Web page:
Will Smartphones Get Warning Labels?

I’m a non-smoking libertarian.

That is, I prize autonomy and freedom of choice, but I also know I never would have kicked the habit without pressure from then-New York City Mayor Michael Bloomberg and my future wife. Together, their anti-smoking policies set me straight, and saved me from a world of hurt.  

Like a lot of people, therefore, I’m conflicted about mounting pressure to regulate mobile use.

Take a group of psychologists and computer scientists in the UK who are now calling for phone makers to attach warning labels to devices.

These scientists argue that mobile gadgets are turning people into digital addicts. “Excessive and obsessive usage and preoccupation about technology are associated with undesirable behaviors such as reduced creativity, depression and disconnection from reality," Dr. Raian Ali, a professor of computing at the University of Bournemouth, said in a statement.

In the category of undesirable behavior, we should also add the scourge of distracted driving, which is costing thousands of lives a year in the U.S. alone.

The numbers are definitely scary. According to the second annual report on Consumer Mobility from the Bank of America and Flurry Analytics, U.S. consumers are perpetually plugged-in. Indeed, 71% of those surveyed actually sleep with their smartphones.

Mobile Addicts, consumers who launch applications 60 times or more per day, are growing at the fastest rate, from 176 million in the second quarter of 2014 to a whopping 280 million in the second quarter of 2015 -- a 59% increase.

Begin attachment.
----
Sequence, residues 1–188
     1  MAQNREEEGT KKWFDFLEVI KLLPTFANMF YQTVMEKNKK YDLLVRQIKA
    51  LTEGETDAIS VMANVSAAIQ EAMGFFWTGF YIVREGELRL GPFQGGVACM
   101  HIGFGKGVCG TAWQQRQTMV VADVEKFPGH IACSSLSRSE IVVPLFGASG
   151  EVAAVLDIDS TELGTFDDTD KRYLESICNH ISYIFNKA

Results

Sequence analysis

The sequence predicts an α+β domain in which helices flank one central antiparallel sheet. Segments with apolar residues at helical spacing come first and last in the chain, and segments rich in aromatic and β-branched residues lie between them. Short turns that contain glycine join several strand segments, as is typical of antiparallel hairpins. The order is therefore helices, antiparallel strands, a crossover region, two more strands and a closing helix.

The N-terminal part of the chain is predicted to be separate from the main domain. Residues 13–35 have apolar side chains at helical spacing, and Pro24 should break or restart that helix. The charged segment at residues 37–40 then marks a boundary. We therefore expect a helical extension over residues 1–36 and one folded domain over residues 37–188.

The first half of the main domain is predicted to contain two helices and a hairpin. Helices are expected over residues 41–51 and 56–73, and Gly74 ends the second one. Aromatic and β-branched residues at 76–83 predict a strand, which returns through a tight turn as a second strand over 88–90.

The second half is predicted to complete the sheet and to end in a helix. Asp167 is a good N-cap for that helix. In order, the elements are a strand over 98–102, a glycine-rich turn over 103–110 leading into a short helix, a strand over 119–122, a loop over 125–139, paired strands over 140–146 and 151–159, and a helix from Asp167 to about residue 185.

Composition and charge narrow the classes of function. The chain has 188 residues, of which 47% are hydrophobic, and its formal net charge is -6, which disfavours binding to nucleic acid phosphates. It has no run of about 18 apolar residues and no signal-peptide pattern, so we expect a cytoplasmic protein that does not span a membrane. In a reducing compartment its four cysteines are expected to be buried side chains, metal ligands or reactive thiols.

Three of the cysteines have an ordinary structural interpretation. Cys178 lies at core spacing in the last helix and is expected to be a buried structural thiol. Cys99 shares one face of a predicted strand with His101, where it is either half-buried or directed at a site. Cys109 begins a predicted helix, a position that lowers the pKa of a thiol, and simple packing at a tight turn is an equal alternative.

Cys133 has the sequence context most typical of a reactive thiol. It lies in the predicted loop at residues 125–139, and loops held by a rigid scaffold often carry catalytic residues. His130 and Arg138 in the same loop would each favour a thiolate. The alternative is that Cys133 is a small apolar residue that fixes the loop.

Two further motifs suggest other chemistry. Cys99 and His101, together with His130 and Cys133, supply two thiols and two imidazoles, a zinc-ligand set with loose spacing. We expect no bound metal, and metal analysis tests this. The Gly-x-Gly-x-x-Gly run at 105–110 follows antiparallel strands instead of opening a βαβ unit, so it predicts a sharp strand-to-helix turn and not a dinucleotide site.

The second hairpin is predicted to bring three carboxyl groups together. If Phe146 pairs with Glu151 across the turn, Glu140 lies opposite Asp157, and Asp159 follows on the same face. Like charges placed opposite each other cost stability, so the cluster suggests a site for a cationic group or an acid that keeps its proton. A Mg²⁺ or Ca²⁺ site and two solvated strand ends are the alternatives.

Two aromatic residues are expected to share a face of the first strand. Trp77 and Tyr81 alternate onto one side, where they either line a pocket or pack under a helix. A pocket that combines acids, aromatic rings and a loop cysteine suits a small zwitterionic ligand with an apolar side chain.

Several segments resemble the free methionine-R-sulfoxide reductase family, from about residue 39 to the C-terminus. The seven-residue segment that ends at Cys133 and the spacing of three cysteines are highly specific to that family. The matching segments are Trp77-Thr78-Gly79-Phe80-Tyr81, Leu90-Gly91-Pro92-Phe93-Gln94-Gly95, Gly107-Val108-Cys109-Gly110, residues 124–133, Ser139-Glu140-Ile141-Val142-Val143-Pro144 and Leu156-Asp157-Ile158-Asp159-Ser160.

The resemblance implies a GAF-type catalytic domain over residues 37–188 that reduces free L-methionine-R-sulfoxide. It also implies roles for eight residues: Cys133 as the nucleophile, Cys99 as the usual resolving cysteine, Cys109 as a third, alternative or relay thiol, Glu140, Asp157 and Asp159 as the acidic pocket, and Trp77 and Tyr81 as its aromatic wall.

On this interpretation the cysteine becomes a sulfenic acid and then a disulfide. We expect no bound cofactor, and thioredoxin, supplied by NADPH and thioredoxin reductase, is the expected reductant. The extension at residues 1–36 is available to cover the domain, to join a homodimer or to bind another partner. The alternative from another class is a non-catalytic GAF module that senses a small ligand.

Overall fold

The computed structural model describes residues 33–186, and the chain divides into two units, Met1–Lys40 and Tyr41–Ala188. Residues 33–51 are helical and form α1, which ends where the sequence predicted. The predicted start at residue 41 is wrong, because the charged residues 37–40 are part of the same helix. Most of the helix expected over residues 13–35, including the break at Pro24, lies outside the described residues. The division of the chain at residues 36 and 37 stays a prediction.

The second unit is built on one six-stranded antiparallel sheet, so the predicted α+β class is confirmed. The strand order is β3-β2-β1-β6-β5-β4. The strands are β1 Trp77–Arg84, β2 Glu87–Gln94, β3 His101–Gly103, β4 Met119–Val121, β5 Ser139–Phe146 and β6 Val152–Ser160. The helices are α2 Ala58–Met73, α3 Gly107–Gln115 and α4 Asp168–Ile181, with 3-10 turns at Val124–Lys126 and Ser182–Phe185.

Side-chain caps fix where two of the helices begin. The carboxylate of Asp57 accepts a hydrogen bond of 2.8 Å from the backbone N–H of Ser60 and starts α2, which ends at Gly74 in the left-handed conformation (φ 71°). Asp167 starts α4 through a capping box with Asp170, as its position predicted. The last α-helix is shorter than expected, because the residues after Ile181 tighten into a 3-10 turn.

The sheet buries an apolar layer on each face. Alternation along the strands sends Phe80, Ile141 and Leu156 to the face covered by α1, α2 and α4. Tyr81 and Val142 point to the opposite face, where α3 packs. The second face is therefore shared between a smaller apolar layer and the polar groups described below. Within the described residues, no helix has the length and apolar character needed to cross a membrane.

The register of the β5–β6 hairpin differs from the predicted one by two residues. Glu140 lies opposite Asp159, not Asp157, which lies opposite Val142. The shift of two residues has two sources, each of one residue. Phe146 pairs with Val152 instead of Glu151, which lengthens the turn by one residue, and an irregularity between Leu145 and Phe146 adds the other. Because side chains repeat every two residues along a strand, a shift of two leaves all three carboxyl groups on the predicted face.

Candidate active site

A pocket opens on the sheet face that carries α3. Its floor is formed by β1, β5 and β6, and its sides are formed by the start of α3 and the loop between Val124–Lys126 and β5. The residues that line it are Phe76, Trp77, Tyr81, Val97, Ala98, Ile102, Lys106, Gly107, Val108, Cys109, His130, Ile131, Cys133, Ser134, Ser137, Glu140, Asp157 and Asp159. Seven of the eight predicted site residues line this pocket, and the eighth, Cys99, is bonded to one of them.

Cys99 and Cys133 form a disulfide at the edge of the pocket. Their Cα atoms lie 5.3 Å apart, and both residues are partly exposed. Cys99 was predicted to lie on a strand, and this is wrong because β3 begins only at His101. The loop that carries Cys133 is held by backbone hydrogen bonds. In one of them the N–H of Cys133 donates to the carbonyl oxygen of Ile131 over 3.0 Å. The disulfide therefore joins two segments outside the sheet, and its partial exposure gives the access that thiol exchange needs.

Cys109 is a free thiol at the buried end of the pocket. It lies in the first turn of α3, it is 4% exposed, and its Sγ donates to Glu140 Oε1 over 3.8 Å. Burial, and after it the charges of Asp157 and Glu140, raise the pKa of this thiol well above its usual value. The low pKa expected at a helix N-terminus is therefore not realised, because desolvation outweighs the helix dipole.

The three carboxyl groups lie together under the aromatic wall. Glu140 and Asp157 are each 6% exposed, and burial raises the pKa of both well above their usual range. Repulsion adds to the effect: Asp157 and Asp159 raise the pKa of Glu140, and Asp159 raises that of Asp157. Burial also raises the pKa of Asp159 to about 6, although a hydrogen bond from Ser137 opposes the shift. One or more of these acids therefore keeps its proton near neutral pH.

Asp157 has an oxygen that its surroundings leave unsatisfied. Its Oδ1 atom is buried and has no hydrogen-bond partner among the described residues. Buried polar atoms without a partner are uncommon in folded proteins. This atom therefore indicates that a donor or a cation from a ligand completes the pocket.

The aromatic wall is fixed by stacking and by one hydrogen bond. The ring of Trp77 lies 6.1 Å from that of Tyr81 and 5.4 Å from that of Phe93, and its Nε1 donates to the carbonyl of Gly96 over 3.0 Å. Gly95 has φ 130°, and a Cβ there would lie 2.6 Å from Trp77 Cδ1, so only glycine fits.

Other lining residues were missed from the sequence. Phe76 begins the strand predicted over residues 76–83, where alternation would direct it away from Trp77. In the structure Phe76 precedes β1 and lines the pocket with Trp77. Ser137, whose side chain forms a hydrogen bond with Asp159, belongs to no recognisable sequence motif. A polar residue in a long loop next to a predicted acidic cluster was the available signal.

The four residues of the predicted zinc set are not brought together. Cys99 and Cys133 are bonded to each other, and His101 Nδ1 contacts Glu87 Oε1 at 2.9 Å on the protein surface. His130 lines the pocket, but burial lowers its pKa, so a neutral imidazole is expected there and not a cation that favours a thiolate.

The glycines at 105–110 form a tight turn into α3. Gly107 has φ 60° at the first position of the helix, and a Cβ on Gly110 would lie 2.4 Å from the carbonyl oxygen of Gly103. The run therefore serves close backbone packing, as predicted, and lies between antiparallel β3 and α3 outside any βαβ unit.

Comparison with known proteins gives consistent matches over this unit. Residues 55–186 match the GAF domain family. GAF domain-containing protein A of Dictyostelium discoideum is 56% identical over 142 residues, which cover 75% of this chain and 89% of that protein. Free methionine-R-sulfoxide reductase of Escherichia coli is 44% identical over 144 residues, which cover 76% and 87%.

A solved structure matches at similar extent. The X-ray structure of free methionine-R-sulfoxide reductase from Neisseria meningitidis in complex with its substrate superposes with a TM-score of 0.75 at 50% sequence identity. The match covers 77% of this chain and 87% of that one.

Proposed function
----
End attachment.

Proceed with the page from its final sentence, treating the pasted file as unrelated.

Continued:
Of course, the industry isn’t helping. On the contrary, top platforms, publishers, and marketers are investing billions of dollars to increase usage numbers and “engagement” rates. At least in the short term, it would be in their collective best interest to glue a virtual reality headset to every consumer’s head, and, in true "Clockwork Orange" fashion, pump them full of content 24 hours a day.

Mark Zuckerberg probably wouldn’t paint that exact picture, but (following the release of Facebook's Oculus Rift VR headset, early next year) such a scenario would do wonders for the company's stock price.

So we know the industry isn’t going to regulate itself, and -- given my personal experience -- I don’t have much faith in the powers of self regulation.

Betraying my libertarian leanings, therefore, I think it may require an independent regulatory body to save us from our mobile-obsessed selves.

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